Kimberly Lynch describes a much-needed impromptu date night during a season of transition and consequent overwhelm.
My phone dinged, indicating a new text. I glanced down and saw it was from my husband. He had sent me a photo of his hand holding the keys to our new house. I surprised myself with my own reaction: a heavy gulp and slow sigh.
It was supposed to be a season of excitement and new beginnings. Instead the blessings quickly became clouded by overwhelming responsibility.
That weekend we moved into our “forever home,” a foreclosure with plenty of space and loads of potential. And three weeks after signing the papers, with unpacked boxes still stacked against walls, I found out I was expecting our sixth child.
That would make six children in eight years, and I didn’t handle the news very well.
The exhaustion of the first trimester hit me hard, and cruelly combined with insomnia at night, I became an irritable, walking zombie with occasional bouts of nausea. My kids’ energy, ramped up from the excitement of the start of summer, drained me of the little energy I had of my own. The hours slowly crept along during the day, as I counted the minutes until bedtime. As the days passed in our new home, I noticed more and more projects to be added to our growing list of repairs and updates. We knew about the red wine stains on the carpet upstairs and the few holes in some of the walls, but the smaller things that had remained hidden behind the excitement of finally owning our home eventually revealed themselves and taunted me as I tried to keep up with the minimal daily chores of dishes and laundry.
I grew more and more frustrated by that first-trimester lack of energy: I had barely enough energy to unpack boxes, let alone direct my children through the unstructured days of summer. My husband was working long hours at two different jobs, trying to transition fully to one, experiencing his own type of exhaustion, and trying his best to provide for our growing family.
It was a season of great transition, and I quickly felt myself spiraling into a pit of analysis paralysis, physical and mental exhaustion, and crushing discouragement.
Then one evening, a break: my husband announced an impromptu date night, and our favorite babysitter was already on her way.
We ended up at our favorite Thai restaurant. Thai had always been a favorite take-out option when we were in college together. Chatting about nothing in particular at our table brought me back to those college date nights, when we stayed up late in the student lounge, sipping strawberry banana smoothies and playing an embarrassing game of pool. He talked and I listened, grateful for not having to resolve anything about the kids, the finances, or the new house.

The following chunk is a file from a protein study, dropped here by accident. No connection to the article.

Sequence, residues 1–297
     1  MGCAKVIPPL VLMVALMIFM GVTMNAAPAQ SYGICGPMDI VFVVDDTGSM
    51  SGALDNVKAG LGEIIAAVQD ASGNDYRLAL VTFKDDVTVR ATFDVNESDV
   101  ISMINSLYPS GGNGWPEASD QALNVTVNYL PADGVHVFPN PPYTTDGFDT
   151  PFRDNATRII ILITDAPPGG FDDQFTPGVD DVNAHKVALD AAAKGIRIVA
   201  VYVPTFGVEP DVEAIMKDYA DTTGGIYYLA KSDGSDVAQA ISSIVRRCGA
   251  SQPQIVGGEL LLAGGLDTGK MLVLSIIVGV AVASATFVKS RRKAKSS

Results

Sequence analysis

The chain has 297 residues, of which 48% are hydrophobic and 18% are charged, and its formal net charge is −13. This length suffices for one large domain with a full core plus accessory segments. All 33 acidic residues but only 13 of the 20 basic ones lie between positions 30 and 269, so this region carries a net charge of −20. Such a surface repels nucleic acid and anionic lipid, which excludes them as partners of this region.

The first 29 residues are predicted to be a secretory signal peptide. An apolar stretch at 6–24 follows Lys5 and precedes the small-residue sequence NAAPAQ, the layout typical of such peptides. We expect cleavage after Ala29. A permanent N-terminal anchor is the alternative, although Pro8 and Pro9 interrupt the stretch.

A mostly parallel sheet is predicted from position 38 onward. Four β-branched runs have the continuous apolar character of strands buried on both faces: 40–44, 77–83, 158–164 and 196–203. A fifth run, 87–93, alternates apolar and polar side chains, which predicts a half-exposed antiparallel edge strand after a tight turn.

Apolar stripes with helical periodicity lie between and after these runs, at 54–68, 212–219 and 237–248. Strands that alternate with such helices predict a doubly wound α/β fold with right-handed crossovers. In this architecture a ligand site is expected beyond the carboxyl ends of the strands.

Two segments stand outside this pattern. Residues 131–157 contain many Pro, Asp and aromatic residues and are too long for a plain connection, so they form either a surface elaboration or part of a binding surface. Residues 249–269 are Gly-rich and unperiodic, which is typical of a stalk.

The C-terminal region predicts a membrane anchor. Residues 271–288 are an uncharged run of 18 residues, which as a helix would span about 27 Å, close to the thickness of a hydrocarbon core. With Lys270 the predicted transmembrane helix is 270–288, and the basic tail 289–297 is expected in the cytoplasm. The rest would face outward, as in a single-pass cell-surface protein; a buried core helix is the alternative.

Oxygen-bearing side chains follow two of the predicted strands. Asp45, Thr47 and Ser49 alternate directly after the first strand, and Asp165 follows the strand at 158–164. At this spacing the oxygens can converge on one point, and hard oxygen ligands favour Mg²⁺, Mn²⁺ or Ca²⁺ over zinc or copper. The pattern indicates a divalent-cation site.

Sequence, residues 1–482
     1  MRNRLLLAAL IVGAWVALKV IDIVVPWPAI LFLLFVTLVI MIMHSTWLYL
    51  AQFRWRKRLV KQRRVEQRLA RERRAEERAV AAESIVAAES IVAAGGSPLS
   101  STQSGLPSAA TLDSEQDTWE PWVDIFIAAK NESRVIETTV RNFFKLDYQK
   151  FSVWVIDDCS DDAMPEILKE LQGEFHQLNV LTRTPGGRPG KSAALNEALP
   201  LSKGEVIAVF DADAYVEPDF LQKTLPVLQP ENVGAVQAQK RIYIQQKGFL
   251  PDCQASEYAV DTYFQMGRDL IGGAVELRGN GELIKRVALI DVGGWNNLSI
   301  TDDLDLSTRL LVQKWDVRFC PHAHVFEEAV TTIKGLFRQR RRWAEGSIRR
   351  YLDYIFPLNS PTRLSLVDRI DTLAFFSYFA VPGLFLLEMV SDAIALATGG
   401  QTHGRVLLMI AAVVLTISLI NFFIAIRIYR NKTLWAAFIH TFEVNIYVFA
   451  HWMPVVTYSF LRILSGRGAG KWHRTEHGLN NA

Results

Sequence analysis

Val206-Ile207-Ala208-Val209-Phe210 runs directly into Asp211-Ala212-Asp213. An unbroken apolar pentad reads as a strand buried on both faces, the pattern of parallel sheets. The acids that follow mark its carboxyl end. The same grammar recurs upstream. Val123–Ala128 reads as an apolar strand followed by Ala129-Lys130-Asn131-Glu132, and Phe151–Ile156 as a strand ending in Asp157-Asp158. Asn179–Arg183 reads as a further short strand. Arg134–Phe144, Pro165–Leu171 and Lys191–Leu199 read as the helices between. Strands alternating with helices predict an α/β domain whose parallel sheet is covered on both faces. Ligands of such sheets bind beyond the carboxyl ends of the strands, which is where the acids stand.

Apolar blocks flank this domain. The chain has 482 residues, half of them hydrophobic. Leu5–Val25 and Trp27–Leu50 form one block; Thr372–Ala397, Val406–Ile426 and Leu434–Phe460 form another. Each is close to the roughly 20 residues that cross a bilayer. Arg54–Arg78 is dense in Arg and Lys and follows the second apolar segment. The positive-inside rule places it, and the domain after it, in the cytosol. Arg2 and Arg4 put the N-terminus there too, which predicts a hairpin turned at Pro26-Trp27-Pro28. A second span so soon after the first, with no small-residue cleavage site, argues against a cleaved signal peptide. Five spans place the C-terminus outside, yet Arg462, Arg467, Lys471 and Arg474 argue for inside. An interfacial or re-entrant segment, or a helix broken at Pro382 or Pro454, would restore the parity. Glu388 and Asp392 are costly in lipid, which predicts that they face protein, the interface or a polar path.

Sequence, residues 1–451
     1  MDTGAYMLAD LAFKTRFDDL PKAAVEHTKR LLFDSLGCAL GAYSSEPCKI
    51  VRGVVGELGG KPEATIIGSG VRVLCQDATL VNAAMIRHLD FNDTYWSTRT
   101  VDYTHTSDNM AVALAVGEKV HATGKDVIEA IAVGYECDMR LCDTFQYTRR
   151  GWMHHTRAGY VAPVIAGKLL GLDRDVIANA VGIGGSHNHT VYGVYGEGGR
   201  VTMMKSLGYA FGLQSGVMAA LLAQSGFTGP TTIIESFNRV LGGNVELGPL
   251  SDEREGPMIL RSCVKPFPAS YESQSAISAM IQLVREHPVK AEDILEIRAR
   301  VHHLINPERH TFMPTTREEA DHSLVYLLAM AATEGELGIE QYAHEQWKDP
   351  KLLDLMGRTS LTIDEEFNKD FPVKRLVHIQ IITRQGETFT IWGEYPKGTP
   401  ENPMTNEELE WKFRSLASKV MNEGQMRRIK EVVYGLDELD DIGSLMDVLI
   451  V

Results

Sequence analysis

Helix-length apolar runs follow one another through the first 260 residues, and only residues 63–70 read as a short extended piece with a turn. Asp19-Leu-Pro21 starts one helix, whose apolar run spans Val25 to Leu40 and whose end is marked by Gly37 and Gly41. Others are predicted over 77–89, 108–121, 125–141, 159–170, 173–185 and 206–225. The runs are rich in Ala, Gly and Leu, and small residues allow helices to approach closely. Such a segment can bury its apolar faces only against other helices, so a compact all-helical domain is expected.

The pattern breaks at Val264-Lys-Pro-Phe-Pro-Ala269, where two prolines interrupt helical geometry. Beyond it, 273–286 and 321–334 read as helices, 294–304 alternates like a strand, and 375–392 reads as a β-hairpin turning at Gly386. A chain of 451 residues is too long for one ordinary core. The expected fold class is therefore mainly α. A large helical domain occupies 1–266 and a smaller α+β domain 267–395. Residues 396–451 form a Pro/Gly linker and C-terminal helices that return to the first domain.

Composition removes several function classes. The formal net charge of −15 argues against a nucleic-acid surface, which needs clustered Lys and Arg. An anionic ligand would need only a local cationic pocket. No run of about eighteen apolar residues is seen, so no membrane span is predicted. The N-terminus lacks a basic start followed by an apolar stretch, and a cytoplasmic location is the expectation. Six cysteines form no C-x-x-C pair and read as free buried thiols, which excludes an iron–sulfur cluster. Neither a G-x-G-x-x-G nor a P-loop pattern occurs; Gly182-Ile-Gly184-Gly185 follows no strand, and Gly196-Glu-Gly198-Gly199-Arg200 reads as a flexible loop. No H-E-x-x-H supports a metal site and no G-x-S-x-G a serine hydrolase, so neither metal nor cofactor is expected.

On the way home, he asked me if I wanted anything else.
Did I want anything else? I wanted to not feel the bone-crushing tiredness of first trimester pregnancy. I wanted our belongings to be unpacked and in a Mary Poppins snap-of-the-fingers, the house to look like something from a Pottery Barn catalog. I wanted him to be home from work earlier. I wanted more help with taking care of the kids and managing the house.
“Do you want anything else?” he repeated softly, interrupting my thoughts.
“Well ... I would love some frozen custard from Spelunker’s.”
“You got it. What flavor?”
“Chocolate,” I answered without hesitation.
As I sank my spoon into the rich, creamy dessert, I savored the sweet moment of my husband’s presence and the simple joy of drive-through ice cream. It was a tangible way to appreciate a quiet date night, to recognize his effort and empathy, and to smile despite my muddled mind. Yes, I could smile through the tears.
I’ve been on enough hikes to know that sometimes the longest stretch of trail has few magnificent outlooks, and instead becomes a series of monotonous steps over roots and soft mud. Sweat and aching legs sometimes make me question why I wanted to hike in the first place. But the trail doesn’t always stay the same. It can get steeper, or it can flatten out. The muddy soil can lead to firmer rock formations warmed by the light of the sun.
Wherever the trail may take you, there is still joy along the journey. There is courage in not giving up and turning back. And when you hike with a friend, there is shared adventure and blossoming memories to be had. Because once you do reach the top and soak in the beauty of God’s creation, you realize His blessings were with you both all along.
Copyright 2021 Kimberly Lynch
Images (from top): Wiktor Karkocha (2018), Unsplash; Canva Pro
About the Author
Kimberly is a Catholic convert, writer, wife, and mother to six awesome children. She blogs at PassingThroughMountains.com, where she encourages her readers to recognize sparks of joy despite the arduous climb up life’s inevitable mountains. She enjoys running in the morning, a strong cup of coffee, reading a good book with her feet up, and hiking in the mountains of the Shenandoah Valley of Virginia, where she and her husband raise their brood.